Urban and land use planners prepare and recommend land development plans for urban and rural areas and remote regions.
Duties May Include
Urban and land use planners perform some or all of the following duties:
Compile and analyze data on demographic, economic, legal, political, cultural, sociological, physical and other factors affecting land use;
Confer with municipal, provincial and federal authorities, civic leaders, social scientists, lawyers, land developers, the public and special interest groups to formulate and develop land use or community plans;
Prepare and recommend land development concepts and plans for zoning, subdivisions, transportation, public utilities, community facilities, parks, agricultural and other land uses;
Prepare plans for environmental protection, such as wildlife preserves, national and provincial parks, and protection of watersheds;
Present plans to civic, rural and regional authorities and hold public meetings to present plans, proposals or planning studies to the general public and special interest groups;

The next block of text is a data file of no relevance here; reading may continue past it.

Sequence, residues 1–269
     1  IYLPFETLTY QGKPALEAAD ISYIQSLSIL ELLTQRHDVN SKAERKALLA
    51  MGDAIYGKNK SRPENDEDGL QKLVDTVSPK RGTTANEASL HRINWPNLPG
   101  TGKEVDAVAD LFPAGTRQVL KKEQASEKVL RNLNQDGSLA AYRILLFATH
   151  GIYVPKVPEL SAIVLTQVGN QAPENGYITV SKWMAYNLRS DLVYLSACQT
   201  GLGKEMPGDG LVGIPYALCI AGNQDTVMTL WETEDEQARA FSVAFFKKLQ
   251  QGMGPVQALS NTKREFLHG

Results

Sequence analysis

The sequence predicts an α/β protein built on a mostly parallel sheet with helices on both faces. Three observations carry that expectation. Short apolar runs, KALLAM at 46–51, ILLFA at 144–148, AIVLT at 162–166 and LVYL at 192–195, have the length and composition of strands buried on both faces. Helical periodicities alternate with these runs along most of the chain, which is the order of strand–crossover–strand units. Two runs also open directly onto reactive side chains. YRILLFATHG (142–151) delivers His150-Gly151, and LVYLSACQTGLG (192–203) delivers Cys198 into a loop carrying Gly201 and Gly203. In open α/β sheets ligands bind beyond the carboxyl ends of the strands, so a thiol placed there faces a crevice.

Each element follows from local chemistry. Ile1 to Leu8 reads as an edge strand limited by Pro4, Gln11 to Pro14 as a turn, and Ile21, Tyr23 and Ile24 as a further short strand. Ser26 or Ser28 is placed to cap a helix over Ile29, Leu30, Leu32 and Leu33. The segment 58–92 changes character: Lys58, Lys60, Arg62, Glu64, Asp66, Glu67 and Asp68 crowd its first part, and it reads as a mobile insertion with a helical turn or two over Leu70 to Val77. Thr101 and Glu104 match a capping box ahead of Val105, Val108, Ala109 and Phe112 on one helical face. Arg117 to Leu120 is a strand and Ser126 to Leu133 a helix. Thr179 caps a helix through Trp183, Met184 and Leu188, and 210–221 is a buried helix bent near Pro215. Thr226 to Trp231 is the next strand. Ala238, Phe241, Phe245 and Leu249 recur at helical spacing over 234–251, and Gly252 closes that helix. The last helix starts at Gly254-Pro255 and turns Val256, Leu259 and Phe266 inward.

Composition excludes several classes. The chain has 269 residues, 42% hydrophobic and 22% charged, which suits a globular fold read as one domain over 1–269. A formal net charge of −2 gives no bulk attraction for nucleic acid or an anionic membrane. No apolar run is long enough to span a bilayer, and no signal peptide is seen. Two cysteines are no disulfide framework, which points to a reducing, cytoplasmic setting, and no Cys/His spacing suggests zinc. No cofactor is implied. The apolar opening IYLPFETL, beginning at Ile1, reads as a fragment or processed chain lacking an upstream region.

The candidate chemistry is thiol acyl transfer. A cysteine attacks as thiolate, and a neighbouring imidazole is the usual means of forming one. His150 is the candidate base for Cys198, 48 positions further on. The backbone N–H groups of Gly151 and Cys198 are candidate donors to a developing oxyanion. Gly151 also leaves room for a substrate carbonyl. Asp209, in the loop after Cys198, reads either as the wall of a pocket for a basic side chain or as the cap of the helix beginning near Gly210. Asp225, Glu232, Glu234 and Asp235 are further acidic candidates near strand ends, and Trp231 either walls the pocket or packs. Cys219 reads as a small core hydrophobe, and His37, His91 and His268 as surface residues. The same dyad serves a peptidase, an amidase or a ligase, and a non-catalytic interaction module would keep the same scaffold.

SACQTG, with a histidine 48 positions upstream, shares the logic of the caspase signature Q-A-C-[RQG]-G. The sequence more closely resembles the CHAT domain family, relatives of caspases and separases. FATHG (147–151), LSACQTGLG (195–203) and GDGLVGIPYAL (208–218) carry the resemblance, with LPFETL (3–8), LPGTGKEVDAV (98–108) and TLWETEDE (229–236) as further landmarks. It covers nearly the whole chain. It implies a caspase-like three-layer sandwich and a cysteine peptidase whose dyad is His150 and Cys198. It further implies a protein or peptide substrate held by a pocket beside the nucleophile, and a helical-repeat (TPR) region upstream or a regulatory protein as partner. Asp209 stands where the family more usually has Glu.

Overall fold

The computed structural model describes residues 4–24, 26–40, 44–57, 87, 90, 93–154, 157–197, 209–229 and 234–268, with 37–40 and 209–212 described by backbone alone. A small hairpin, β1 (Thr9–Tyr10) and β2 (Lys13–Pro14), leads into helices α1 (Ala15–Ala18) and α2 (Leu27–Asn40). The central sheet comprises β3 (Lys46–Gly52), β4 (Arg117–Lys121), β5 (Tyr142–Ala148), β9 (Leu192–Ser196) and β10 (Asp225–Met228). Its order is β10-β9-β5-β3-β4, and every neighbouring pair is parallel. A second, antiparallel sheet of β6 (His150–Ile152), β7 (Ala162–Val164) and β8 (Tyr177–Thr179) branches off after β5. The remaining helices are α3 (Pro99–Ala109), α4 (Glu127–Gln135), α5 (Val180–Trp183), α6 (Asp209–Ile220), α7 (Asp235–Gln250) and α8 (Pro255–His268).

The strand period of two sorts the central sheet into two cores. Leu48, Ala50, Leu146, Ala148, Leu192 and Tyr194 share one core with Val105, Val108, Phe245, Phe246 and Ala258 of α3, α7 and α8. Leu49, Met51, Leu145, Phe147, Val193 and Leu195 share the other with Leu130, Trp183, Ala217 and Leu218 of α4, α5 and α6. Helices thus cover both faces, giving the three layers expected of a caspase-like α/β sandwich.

Review and evaluate proposals for land use and development plans and prepare recommendations;
Process application for land development permits and administer land use plans and zoning by-laws;
Formulate long range objectives and policies relative to future land use and the protection of the environment;
Supervise and co-ordinate work of urban planning technicians and technologists.
Examples of Titles
Urban and Regional Planner
The National Occupational Classification (NOC) Code found next to the name of the career is a 4-digit code that classifies occupations by different skill types and skill levels.
The information on careers is adapted from Canadian Occupational Projection System, a project by Human Resources and Skills Development Canada, which uses annual data to analyze trends in labour.
© Canadian Occupational Projection System, Human Resources and Skills Development Canada, 2011.
© JobFutures, Labour Force Survey, 2006.
© National Occupational Classification, Human Resources Skills and Development Canada, 2006.
© Working in Canada, Labour Force Survey, 2009.